PROVO — It was the first in-person look at the 2015-16 BYU men's basketball team at media day Tuesday. Only five players who appeared in game action from last year's squad will be options for BYU head coach Dave Rose this year.
BYU will try to replace Tyler Haws, the school's all-time leading scorer.
Rose said this year's team dynamic feels similar to that of the 2011-12 team following "Jimmermania."
"It kind of reminds me of four or five years ago when we were trying to replace Jimmer as far as scoring is concerned," Rose said. "Tyler (Haws) was such a consistent scorer for us. I think the way we'll do that is kind of similar to that year where we'll have a lot of guys who will share that role. I think there are five or six guys on this team capable of scoring in double figures."
Of the 15 players on BYU's active roster, 11 are underclassmen, and nine are new to the program.
"One thing we've been able to do in my 10 seasons is return a core group that can help the younger, inexperienced guys understand not only our system, but the way we practice, what we do, kind of our culture," Rose said. "I think with Nate (Austin), Corbin (Kaufusi), Chase (Fischer), and Kyle (Collinsworth), there's pretty good communication to this group about what our expectations are."
A common observation among players was that, even with the loss of Haws, this year's team could be tougher to play against. Many think points will come in bunches from a wider variety of scorers than in years past.
"I think we will be more balanced because of the inside-out threat," BYU guard Fischer said. "Obviously, I would never badmouth Ty (Haws), he's unbelievable, but it was tough some nights because everybody knew where the ball was going. He still scored and was great for our team, but I think it will be different now with our new personnel. I don't think it's out of the question to say we'll be a more balanced team."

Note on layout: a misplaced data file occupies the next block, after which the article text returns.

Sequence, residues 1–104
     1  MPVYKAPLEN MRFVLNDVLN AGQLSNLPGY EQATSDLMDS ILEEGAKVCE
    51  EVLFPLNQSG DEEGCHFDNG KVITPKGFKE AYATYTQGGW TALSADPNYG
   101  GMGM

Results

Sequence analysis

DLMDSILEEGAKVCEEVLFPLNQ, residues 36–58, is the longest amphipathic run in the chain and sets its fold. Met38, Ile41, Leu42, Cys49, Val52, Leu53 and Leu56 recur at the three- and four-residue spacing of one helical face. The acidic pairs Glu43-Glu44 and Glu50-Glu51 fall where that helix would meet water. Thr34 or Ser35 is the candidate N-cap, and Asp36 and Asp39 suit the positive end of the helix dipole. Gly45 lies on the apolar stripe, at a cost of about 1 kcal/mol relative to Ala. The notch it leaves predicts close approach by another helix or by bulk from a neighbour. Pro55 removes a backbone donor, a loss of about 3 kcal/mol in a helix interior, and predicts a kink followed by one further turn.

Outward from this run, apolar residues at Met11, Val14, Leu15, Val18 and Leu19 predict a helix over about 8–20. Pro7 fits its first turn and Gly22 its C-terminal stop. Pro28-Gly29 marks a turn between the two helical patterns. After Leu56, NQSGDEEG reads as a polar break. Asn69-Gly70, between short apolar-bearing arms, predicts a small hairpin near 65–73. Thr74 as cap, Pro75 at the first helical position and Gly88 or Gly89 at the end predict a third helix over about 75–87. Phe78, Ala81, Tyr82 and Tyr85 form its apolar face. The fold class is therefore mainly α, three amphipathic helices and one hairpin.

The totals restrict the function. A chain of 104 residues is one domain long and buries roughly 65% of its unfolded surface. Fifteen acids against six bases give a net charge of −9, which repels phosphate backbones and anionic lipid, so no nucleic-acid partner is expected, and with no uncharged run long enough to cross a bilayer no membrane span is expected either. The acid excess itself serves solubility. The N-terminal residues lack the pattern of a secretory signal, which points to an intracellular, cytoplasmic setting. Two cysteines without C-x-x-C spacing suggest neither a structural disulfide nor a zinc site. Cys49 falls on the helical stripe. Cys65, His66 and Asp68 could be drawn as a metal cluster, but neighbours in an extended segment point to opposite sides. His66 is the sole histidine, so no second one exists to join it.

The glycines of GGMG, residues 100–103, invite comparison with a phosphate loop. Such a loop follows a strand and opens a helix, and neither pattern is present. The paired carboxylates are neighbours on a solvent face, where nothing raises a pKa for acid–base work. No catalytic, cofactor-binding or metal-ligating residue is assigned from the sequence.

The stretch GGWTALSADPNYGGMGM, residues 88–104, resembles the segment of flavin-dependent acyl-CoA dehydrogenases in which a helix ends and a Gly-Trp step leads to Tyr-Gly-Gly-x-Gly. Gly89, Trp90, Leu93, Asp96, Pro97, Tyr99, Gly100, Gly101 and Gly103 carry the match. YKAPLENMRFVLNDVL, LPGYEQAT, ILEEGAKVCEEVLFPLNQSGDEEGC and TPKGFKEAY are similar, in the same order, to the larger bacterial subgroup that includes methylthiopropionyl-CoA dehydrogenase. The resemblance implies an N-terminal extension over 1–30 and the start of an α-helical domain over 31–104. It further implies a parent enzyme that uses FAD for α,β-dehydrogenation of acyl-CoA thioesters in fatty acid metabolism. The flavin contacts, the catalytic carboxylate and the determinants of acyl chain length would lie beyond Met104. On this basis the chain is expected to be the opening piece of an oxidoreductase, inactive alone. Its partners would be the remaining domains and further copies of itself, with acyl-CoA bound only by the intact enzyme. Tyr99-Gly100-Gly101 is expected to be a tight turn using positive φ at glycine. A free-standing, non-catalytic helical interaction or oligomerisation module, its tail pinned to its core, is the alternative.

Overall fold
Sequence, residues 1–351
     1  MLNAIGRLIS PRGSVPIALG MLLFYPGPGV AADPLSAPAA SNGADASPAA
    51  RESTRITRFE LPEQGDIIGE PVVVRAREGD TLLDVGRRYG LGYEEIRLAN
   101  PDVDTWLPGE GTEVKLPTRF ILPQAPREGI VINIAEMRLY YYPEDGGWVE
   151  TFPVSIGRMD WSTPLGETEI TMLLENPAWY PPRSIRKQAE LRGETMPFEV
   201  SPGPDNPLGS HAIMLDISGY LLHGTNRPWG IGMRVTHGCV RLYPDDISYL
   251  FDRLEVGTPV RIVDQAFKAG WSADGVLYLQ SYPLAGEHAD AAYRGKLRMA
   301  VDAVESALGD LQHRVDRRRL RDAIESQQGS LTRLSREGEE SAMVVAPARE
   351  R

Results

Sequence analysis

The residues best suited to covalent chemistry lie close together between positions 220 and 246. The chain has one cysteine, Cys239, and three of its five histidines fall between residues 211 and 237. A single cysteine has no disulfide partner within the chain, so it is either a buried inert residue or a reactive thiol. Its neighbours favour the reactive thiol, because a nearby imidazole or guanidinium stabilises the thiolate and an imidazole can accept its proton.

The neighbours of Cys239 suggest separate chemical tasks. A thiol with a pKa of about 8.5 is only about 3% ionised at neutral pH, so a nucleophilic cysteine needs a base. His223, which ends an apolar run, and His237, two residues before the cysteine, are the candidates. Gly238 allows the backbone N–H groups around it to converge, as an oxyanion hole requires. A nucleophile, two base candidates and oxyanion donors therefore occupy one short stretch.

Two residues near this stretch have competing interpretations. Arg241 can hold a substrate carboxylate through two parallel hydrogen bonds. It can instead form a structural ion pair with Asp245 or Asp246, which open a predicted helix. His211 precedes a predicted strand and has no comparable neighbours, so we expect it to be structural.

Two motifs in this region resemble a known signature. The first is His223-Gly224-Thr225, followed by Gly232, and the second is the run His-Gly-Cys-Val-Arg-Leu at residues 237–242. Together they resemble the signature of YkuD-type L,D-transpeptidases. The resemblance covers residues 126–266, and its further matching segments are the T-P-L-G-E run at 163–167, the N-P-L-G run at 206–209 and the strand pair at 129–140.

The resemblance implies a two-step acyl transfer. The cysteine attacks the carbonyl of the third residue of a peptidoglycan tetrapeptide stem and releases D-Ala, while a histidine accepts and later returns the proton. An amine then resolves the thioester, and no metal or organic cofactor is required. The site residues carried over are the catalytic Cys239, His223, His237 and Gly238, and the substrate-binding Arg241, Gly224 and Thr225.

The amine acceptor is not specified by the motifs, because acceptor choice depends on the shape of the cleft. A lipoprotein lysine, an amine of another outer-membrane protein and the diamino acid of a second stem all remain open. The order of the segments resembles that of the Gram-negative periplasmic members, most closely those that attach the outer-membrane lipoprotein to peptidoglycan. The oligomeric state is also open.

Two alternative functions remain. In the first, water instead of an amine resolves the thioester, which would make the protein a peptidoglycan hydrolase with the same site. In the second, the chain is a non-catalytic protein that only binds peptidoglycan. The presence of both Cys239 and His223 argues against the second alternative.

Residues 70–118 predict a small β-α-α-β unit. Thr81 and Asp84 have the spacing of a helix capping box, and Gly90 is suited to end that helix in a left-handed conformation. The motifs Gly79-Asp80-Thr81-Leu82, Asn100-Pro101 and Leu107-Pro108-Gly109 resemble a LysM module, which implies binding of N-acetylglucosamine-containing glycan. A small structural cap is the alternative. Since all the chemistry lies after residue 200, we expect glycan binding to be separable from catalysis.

The Cougar defense was highly criticized after last season's heartbreaking loss to Ole Miss in the first round of the NCAA Tournament. Rose and his players are confident it will be better, particularly because of the new faces.
"I'm really pleased with our defensive improvements," Rose said. "I think personnel adjustments will help us. The last couple of years, we've had a tough time with the depth of our frontline. We played smaller guys. It was tough to guard us, but it was also hard to guard our opponent's guys. I believe with the size, strength and depth of this frontline, if that group is as good as I think it will be, it will show on the defensive end."
"Ever since I've been here, we've been in the top five in scoring nationally, but our team really hasn't been able to rely on defense at all," Austin said. "This year, I think that's going to change. I think we said the same thing last year, but with injuries it was hard to really rely on the defense. I think defense is the biggest key to having a big year and winning a conference championship."
BYU is also starting to see some of its heralded recruits trickle into the program. The roster features many talented incoming players, but there is also a strong veteran presence. That is exactly the formula Rose had in mind when he was first hired on to coach the Cougars in 2005.
"It was really important to me when I took this job 10 years ago that we didn't just have good teams but have a great program," Rose said. "We wanted to be consistent year after year and not just plan for a big year. We're still looking for that really big year, but we also want to be consistently good."
Rose admitted his patience has been tested at times during the process, but his vision for the program is beginning to take shape on the court.
Blake Dorton is a student at BYU studying broadcast journalism and French. Blake hopes to pursue a career in sports broadcasting following his graduation. Follow Blake on Twitter @BlakeDorton.